We often feel we don’t have the time for that. So, we choose the first best decision that is made, but it isn’t really the best one.

Hi there and welcome. It’s Kerstin Jatho, a transformational coach who focuses on shifting people from languishing to flourishing. In this video, I want to talk to you about how to increase quality decisions with your team.

Teams are very powerful, as many hands and many brains create a lot of quality decisions. Hence, we want teams, but they also come with some traps when making team decisions. But before I go there, I want to picture a scenario for you. Perhaps you’ve watched on the TV screen how the election of a new Pope goes in the Vatican City. All the Popes congregate for days until they make a decision on who the new Pope is. They deliberate, they discuss, they debate, and I suppose they often disagree, but in the end they have to make a quality decision as a solid team.

I find that process always very phenomenal. And that is exactly what quality decisions are about. So, now you’ve got the ideal picture of what it should look like when you hit group consensus. But what very often happens are these five things, which a leader needs to be aware of when trying to achieve quality decisions out of their team.

1. Create a safe space for the team to contribute

The first one is member or team inhibition, which means members are not feeling that they’re in a safe space to really come up with ideas and solutions. Perhaps there’s hierarchy in play, where people feel that they cannot contribute, or that it’s the top hierarchy in the leadership team that their say goes. So, team inhibition hinders group decisions.

2. Minimise group-think

The second one is groupthink. Groupthink is a concept that came up in 1972 by Janis. He said it’s about members quickly reaching consensus to avoid conflict. So, what happens is members don’t really think about alternative solutions because they want to be liked, they want to fit in, and they don’t want to create conflict.

And we know from history through some company scandals that happened, an absolute worst ethical behaviour that we’ve seen in companies what groupthink does.

3. Rethink the first decision

The third one that teams, and leaders often fall prey to is hasty decisions. Because let’s be honest, to sit back and make a high-quality decision takes a lot of deliberation. It takes time, it takes a lot of discussion, and we often feel we don’t have the time for that.

So, we choose the first best decision that is made. But is it really the best one? Is it of high quality? So, it really does bring in that level of time. And if once one knows that, one just works with it.

4. Manage team polarization

The fourth one is polarization. When people in the team didn’t agree, it is totally a decision on two total ends of each other, and we can’t seem to agree on this decision.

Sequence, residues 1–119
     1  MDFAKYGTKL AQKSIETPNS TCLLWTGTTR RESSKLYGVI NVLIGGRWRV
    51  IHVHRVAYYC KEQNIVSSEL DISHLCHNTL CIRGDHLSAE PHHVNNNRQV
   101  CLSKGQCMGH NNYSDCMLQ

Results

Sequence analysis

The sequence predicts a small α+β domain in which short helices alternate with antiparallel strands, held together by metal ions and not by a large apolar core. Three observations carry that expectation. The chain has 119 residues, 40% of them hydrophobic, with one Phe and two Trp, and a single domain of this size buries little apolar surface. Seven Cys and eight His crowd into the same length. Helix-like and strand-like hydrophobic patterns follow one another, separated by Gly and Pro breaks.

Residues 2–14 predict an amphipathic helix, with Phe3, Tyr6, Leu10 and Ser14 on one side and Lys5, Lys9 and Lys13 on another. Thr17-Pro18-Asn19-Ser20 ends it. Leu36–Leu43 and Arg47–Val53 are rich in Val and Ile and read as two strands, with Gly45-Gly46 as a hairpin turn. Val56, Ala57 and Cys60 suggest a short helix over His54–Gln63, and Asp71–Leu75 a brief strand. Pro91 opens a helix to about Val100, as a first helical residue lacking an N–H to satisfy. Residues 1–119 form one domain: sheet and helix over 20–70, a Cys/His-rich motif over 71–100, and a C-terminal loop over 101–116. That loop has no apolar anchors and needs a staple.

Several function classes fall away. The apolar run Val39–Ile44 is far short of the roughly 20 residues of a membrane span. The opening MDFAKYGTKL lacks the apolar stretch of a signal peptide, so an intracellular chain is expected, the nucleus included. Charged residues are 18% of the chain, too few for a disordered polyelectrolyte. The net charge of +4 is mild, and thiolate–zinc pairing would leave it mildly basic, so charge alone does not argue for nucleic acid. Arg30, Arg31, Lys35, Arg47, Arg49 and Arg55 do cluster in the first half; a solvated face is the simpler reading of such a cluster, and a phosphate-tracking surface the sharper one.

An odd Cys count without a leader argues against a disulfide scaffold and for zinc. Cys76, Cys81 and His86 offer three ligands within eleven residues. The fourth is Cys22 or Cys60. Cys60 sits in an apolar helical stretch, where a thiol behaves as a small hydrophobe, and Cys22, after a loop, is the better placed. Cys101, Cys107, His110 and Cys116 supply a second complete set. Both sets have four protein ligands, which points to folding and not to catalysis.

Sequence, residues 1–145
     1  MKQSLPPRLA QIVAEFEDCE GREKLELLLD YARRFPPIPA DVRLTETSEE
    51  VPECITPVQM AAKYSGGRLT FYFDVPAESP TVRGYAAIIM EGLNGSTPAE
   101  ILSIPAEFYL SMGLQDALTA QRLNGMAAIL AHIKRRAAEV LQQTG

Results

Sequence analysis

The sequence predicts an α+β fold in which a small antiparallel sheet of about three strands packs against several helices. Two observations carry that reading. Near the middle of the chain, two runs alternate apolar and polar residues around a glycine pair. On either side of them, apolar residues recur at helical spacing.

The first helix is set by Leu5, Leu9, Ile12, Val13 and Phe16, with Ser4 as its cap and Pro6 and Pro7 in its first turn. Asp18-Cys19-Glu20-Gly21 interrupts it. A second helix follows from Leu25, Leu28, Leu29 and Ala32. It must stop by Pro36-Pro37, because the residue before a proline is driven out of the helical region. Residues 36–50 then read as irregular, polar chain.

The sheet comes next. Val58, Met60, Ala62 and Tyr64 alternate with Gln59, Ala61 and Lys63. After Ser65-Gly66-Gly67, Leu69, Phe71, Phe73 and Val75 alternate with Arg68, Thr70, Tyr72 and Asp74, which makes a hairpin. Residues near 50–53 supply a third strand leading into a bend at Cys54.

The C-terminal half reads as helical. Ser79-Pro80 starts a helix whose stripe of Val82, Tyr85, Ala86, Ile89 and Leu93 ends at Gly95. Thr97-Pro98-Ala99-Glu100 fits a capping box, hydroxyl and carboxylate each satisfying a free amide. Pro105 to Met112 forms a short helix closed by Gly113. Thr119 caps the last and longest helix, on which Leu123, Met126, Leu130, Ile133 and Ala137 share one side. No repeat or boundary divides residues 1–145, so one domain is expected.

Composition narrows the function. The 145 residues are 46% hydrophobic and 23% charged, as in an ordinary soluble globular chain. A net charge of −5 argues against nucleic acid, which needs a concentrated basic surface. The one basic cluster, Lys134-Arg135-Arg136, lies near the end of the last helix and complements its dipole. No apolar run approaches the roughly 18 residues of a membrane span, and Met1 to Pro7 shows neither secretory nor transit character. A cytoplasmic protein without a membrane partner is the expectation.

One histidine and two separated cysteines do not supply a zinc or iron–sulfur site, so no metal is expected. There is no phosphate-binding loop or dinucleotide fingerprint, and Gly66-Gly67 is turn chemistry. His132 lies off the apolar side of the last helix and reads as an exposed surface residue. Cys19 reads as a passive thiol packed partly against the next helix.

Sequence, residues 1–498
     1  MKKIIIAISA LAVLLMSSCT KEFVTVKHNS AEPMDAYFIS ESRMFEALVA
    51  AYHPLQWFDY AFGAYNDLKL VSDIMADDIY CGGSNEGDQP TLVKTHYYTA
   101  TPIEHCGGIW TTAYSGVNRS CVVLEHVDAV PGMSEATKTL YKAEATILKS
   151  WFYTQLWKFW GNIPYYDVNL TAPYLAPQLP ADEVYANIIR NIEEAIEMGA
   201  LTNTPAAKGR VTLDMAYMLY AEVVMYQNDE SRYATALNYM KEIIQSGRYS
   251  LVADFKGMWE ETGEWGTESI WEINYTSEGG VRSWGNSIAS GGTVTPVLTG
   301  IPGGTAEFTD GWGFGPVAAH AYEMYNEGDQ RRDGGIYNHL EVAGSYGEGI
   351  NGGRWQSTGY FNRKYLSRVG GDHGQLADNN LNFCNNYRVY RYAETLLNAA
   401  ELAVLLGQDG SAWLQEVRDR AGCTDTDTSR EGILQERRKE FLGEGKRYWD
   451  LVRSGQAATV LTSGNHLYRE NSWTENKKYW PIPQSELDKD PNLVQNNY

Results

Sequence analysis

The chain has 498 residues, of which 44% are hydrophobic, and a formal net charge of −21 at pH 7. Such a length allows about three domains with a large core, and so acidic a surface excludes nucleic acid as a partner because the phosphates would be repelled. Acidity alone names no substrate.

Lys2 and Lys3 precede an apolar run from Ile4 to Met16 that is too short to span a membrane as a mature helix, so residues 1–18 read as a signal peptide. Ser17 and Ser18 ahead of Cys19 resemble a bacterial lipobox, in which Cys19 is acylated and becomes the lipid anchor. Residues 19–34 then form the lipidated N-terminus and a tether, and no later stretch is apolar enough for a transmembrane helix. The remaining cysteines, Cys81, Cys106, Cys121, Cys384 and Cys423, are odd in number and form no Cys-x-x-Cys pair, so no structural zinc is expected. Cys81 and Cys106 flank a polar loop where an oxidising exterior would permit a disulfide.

There are two processes that are suggested. The one is really to work on the pros and cons of all the different options. So, that is absolutely key to really dissect them so that the team can work from that. Again, it does take time. The second one is to take the polarized ideas of the team and actually find common ground. What are we truthfully agreeing on? Those two processes help remove the polarization. But, as I say, they do take time. But do you want quick decisions, or do you want quality decisions?

5. Summarise the meeting with action items

And the fifth item, which so often happens, is the lack of implementing action items. How often have you been in a meeting, you’ve agreed on a decision, and everybody’s just relieved and scrambles off. No summaries are made, no action items are summarised, we don’t really know what the next steps are, we don’t know who’s accountable for them and by when. And then, that’s a waste of time because maybe a great decision was made, but there’s no follow through on the implementation.

And that is absolutely a big timewaster. Leaders need to be aware of these five common factors that they fall prey to when making quality team decisions. Because once you know them; you will see them as you’re engaging with your team and you can proactively manage them. Perhaps even mention them to your team, so that you can work around them.

It’s again, a process. If you want high-quality decisions, take your team with on the journey, and together learn how to build high-quality decisions.

Over to you for sharing your comments and experiences.

How do you minimise group-think in your team?

About the Author: Kerstin Jatho

Kerstin is the senior transformational coach and team development facilitator for 4Seeds Consulting. She is also the author of Growing Butterfly Wings, a book on applying positive psychology principles during a lengthy recovery. Her passion is to develop people-centred organisations where people thrive and achieve their potential in the workplace. You can find Kerstin on LinkedIn, Soundcloud, YouTube and Facebook.

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